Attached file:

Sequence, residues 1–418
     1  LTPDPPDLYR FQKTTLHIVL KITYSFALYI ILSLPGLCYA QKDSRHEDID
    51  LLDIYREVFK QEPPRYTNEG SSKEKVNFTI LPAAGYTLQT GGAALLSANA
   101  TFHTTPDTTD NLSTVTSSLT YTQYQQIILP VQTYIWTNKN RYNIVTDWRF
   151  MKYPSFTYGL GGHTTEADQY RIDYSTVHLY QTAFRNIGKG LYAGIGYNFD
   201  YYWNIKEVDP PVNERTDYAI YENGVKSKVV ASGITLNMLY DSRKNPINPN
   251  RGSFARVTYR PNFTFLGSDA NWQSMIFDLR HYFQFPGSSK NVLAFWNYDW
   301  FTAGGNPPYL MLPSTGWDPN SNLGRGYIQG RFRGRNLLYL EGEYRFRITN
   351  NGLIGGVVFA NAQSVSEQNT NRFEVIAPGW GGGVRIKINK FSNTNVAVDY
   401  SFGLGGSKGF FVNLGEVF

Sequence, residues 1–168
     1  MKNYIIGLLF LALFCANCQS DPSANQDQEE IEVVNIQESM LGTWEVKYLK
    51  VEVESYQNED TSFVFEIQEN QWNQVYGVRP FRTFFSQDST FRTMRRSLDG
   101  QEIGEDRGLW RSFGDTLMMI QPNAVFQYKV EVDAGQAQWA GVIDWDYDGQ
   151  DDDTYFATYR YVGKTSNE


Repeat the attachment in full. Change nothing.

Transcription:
Sequence, residues 1–418
     1  LTPDPPDLYR FQKTTLHIVL KITYSFALYI ILSLPGLCYA QKDSRHEDID
    51  LLDIYREVFK QEPPRYTNEG SSKEKVNFTI LPAAGYTLQT GGAALLSANA
   101  TFHTTPDTTD NLSTVTSSLT YTQYQQIILP VQTYIWTNKN RYNIVTDWRF
   151  MKYPSFTYGL GGHTTEADQY RIDYSTVHLY QTAFRNIGKG LYAGIGYNFD
   201  YYWNIKEVDP PVNERTDYAI YENGVKSKVV ASGITLNMLY DSRKNPINPN
   251  RGSFARVTYR PNFTFLGSDA NWQSMIFDLR HYFQFPGSSK NVLAFWNYDW
   301  FTAGGNPPYL MLPSTGWDPN SNLGRGYIQG RFRGRNLLYL EGEYRFRITN
   351  NGLIGGVVFA NAQSVSEQNT NRFEVIAPGW GGGVRIKINK FSNTNVAVDY
   401  SFGLGGSKGF FVNLGEVF

Sequence, residues 1–168
     1  MKNYIIGLLF LALFCANCQS DPSANQDQEE IEVVNIQESM LGTWEVKYLK
    51  VEVESYQNED TSFVFEIQEN QWNQVYGVRP FRTFFSQDST FRTMRRSLDG
   101  QEIGEDRGLW RSFGDTLMMI QPNAVFQYKV EVDAGQAQWA GVIDWDYDGQ
   151  DDDTYFATYR YVGKTSNE